New York Democrat Max Rose Raises $320,000 in House Race

Army veteran is challenging GOP Rep. Dan Donovan in 11th District

Army veteran Max Rose is one of several Democrats competing for New York’s 11th District House seat. (Courtesy Max Rose for Congress)
Army veteran Max Rose is one of several Democrats competing for New York’s 11th District House seat. (Courtesy Max Rose for Congress)
Posted October 5, 2017 at 5:00am

Army veteran Max Rose has raised more than $300,000 in the two months since he entered the race for the Democratic nomination in New York’s 11th District.

Rose is part of a crowded primary field to take on GOP Rep. Dan Donovan in the Staten Island-based district. He raised $320,000 since he launched his campaign in August, according to third quarter fundraising numbers shared exclusively with Roll Call.

Michael Grimm and Dan Donovan both had their chance to fix Washington. They failed. It’s time for new leadership,” Rose said in a statement. Grimm, who previously held the seat, is challenging Donovan in the Republican primary. In 2014, he pleaded guilty to a felony charge of tax fraud and later served seven months in prison.

Inside Elections with Nathan L. Gonzales rates the race Likely Republican. President Donald Trump carried the district by 10 points last fall, according to calculations by Daily Kos Elections.

Rose faces several other Democrats in the primary, including Boyd Melson, a former professional boxer and Army reserve officer; Mike Decillis, a former police officer who is now a special education teacher; Michael DeVito, Jr., a former Marine who runs a nonprofit; bond trader Zach Emig; and Paul Sperling, who works in real estate.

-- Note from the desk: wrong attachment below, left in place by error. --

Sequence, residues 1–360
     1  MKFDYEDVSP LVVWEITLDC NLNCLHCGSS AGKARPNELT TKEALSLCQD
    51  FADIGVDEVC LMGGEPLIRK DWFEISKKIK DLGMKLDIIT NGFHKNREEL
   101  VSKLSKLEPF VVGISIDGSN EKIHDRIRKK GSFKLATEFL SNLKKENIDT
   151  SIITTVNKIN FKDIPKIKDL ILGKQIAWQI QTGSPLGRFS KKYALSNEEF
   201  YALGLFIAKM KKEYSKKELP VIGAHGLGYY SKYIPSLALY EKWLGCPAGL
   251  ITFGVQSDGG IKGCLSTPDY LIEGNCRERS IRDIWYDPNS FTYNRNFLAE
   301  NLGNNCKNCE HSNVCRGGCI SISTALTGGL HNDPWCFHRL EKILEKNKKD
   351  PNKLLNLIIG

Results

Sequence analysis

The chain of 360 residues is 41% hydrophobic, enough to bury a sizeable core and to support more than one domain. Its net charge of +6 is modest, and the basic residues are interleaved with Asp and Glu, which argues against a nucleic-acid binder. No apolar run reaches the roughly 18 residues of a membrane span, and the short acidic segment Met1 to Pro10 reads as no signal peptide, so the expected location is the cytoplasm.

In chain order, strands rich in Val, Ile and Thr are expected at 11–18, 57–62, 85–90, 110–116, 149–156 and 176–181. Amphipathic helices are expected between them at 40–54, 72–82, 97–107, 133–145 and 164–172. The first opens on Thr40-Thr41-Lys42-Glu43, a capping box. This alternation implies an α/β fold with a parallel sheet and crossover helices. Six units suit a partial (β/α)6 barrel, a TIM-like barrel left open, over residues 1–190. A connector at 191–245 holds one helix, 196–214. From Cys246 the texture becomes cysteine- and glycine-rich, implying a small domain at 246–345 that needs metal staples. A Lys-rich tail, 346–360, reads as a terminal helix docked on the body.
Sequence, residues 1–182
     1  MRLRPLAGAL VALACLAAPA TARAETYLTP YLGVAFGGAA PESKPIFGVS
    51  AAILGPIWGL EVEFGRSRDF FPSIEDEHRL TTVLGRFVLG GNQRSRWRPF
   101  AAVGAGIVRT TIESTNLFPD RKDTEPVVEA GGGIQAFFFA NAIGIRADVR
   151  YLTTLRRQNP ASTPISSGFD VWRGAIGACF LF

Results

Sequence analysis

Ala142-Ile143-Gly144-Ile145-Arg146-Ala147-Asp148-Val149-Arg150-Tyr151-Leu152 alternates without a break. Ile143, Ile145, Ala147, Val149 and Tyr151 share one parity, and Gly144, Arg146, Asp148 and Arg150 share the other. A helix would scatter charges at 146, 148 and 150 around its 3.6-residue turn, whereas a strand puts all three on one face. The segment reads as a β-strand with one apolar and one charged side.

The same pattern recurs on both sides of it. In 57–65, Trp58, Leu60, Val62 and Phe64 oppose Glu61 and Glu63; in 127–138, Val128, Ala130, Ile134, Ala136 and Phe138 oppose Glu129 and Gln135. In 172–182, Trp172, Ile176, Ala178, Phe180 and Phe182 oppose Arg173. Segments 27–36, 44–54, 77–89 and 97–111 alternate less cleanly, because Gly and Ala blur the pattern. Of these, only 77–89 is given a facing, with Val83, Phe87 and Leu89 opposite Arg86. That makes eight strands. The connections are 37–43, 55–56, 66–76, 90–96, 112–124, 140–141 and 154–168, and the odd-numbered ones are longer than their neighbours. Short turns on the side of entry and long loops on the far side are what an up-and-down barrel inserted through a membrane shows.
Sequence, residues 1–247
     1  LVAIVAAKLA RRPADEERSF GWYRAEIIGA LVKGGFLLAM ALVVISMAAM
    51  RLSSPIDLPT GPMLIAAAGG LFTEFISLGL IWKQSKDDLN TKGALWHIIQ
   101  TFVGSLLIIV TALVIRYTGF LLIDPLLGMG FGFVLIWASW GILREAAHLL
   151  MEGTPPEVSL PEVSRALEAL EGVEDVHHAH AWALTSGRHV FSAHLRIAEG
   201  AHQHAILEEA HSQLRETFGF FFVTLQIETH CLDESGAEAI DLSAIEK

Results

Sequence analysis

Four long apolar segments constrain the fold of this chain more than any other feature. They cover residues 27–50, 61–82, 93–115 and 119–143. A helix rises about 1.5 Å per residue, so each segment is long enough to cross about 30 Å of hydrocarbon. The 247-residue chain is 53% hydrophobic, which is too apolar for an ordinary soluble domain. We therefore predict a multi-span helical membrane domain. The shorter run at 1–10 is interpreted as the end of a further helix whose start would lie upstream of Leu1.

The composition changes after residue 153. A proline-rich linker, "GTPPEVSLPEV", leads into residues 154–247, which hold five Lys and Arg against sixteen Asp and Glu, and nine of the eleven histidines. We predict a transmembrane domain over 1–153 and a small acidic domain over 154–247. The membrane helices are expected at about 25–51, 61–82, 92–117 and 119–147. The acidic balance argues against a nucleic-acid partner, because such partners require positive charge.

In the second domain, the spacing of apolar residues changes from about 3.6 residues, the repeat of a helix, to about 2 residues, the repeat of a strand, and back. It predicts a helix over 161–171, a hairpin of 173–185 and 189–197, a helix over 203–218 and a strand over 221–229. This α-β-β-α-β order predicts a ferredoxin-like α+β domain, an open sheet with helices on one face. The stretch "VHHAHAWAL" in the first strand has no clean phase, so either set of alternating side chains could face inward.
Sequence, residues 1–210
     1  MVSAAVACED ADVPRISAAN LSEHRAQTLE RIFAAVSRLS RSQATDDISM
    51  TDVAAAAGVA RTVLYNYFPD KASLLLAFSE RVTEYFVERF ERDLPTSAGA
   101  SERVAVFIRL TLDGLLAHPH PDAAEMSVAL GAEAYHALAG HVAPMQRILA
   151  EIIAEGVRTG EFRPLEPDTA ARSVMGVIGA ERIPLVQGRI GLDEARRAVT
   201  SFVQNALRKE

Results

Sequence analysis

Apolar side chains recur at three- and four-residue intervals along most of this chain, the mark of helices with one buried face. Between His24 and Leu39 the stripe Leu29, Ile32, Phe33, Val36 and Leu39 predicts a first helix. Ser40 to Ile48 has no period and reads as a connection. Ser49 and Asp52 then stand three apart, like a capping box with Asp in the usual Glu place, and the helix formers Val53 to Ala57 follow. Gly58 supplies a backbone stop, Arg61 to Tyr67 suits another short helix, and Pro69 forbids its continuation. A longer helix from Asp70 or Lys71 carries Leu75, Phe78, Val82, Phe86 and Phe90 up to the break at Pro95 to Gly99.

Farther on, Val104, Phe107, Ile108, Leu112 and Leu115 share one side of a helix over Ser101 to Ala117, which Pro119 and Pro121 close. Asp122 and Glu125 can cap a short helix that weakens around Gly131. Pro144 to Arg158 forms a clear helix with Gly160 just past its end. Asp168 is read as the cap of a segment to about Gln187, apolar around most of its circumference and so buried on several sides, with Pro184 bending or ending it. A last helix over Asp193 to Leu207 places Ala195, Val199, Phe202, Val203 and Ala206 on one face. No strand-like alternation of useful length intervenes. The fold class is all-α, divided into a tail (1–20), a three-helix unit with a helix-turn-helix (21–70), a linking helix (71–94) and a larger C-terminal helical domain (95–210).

A number of candidates did not have fundraising reports for the second quarter, which ended June 30. Melson raised the most funds that quarter, nearly $57,000. Numbers for the third quarter, which ended Sept. 30, will become available when the fundraising reports are published later this month.

Donovan had nearly $300,000 in cash on hand at the end of the second quarter, according to Federal Election Commission records. Grimm had $52,000 in cash on hand but his campaign still owed more than $400,000.

Grimm’s campaign launch this week attracted ample media attention. He apologized for his past transgressions, and criticized Donovan for not supporting Trump.

“I think it’s time for him to officially retire,” Grimm said of his successor at his campaign launch. “He’s done enough to undermine our president’s agenda.”

Grimm was also in Washington, D.C., on Wednesday to meet withSteve Bannon, Trump’s former senior adviser. Bannon has voiced support for GOP primary challengers who support the president even if they are taking on a Republican incumbent.

A Grimm spokesman tweeted a picture of the former congressman with Bannon, writing “Game on. #MAGA,” a reference to Trump’s campaign slogan to “Make America Great Again.”